This is the first in a four-part guest series on reference skills by Jimmie from Jimmie’s Collage. Make sure to check back for part two next Tuesday.
Being an educated person today is more about knowing where to find information and how to evaluate that information that it is about knowing large quantities of facts. As a result, one of our primary tasks as homeschooling parents is to teach our children to learn independently through reference tools.
In fact, reference skills are cross-curricular skills that are part of the scope and sequence of many academic areas – language arts, science, history, and math. You really could call them learning skills.
In the upper elementary years and certainly by middle school, you will want to introduce these three essential tools:
1. The index and table of contents
2. The atlas
3. The dictionary
(Throughout this series, I will be assuming the use of physical books instead of “googling” the answer to your question. Although using the Internet to answer questions is a valid way to research, my focus is going to be on using the traditional forms of printed reference books. Both avenues, printed and electronic, are critical for our children to understand.)
Studying a unit where you focus in-depth on the specific skills, say a dictionary unit, for example, is effective. But most effective is integrating these skills into your existing curriculum. The beauty of this approach is that you don’t have to design a special unit or add onto your already busy homeschool day. Instead, you simply need to be deliberate about taking the naturally occurring opportunities to use the reference tools.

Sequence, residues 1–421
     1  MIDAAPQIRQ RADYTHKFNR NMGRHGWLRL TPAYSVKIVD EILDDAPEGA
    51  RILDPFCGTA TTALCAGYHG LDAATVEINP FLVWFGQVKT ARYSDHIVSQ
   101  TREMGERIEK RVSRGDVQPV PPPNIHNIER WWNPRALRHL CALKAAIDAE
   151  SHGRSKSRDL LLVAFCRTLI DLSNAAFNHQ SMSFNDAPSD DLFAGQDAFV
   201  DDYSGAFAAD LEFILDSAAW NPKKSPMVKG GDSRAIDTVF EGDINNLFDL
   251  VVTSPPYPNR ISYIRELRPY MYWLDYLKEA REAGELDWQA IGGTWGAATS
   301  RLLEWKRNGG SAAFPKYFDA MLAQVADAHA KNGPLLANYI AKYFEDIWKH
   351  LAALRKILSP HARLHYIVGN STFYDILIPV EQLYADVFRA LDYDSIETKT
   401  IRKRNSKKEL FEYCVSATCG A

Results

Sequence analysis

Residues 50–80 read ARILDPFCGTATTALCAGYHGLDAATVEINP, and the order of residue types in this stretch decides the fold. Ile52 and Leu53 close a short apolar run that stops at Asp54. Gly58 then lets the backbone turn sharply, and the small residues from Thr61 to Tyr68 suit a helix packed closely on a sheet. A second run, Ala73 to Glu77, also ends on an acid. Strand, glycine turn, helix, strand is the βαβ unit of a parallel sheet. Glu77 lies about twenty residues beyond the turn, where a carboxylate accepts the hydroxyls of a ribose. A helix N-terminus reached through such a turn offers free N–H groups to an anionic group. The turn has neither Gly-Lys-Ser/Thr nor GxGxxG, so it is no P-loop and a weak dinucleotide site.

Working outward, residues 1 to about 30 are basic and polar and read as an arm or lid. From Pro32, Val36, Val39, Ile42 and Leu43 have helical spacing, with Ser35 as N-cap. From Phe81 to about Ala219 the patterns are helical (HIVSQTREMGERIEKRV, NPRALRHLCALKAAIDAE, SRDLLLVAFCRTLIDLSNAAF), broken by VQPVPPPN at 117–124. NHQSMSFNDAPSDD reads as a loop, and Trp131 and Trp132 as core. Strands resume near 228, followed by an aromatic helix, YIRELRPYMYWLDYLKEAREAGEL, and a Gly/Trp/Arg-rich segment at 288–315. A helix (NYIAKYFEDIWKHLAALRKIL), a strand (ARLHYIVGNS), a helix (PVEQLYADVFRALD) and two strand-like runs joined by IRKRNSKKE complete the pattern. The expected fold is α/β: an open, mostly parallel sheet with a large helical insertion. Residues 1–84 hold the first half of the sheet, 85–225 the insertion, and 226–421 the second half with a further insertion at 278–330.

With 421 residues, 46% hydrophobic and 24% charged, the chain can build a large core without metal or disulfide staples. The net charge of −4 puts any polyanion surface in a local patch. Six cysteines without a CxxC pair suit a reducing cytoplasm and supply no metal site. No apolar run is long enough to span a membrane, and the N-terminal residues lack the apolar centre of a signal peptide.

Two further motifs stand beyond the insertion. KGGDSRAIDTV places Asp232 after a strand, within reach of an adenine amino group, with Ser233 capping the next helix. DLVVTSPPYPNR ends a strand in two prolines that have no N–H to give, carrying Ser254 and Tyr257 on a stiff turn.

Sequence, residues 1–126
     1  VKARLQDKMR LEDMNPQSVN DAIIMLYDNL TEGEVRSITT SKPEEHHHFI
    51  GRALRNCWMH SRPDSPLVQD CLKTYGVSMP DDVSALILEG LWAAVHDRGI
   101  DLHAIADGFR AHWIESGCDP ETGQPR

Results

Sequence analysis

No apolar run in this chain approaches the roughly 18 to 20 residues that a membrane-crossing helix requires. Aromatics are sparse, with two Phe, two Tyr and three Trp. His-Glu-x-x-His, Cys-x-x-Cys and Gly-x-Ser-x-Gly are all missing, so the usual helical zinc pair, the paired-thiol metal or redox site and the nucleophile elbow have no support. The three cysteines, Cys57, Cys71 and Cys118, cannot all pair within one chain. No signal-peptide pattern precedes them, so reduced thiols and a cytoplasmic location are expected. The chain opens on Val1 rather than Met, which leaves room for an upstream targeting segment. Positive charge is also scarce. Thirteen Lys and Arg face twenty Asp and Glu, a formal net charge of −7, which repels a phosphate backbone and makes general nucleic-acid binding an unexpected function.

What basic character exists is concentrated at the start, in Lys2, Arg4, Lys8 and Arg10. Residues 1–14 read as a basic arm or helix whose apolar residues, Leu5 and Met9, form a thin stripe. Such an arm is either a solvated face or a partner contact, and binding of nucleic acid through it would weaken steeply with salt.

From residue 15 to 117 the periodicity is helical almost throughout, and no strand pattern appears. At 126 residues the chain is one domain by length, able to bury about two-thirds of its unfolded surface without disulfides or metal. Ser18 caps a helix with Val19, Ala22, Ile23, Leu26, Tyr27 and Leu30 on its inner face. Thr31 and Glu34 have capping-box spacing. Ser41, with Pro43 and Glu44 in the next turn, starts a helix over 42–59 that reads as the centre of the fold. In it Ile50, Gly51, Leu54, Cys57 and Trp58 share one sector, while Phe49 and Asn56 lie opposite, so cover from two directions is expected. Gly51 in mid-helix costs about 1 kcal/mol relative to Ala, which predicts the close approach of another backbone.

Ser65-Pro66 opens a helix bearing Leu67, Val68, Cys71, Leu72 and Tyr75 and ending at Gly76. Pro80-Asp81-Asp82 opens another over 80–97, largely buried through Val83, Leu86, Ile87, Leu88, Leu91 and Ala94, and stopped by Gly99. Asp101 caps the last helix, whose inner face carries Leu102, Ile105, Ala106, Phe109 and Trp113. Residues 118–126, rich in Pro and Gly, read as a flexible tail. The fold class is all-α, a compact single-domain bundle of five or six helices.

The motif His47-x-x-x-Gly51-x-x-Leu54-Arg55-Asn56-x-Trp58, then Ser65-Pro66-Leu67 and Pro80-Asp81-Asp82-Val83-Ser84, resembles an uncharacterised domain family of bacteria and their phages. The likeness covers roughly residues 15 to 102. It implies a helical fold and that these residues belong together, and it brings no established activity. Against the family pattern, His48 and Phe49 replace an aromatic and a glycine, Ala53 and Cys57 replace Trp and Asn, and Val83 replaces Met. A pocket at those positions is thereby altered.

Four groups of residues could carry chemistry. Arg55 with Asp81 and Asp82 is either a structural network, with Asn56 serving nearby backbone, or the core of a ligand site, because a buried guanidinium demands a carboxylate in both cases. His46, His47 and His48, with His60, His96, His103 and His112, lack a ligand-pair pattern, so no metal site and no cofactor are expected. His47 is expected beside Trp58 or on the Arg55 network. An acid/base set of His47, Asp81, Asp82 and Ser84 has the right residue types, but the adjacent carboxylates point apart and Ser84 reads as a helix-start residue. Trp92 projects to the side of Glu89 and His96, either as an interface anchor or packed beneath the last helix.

Those natural opportunities arise when
- BEST CASE SCENARIO–Your children ask questions about what you’re studying.
- SECOND BEST –You think of questions about what you’re studying.
- STILL A NATURAL OPPORTUNITY –You realize there are things related to what you’re studying that your children don’t know.
The first occurrence is the best because you can build on a child’s own curiosity. The other two, although less motivating for the child, do give you a chance to model curiosity and to pull out the reference tools in a natural way that flows into your curriculum.
Let me give an example to help you understand. Imagine you’re reading a novel aloud to your children and the book references the swamp harrier, a bird on the island of Tonga.
- BEST CASE SCENARIO –Your child asks, “What does a swamp harrier bird look like?”
- SECOND BEST —You ask, “I wonder where Tonga is? Is that in the Caribbean or in the Pacific?”
- STILL A NATURAL OPPORTUNITY –You know that your child has never heard of Tonga, so you suggest you both look it up in the atlas.
Whatever the situation, you can pull out a reference book and look up the answer alongside your child.
Jimmie is the mother of one creative eleven-year-old daughter. Living in China adds a unique dimension to their Charlotte Mason styled homeschool. Besides reading and writing, Jimmie enjoys photography, traveling, Chinese watercolor painting, and cooking from scratch. Jimmie blogs at Jimmie’s Collage.
Join 15,000+ Other Awesome People
Subscribe to the Real Life at Home weekly newsletter to get our latest content, exclusive free printables, learning activities, and ideas for celebrating with your family all year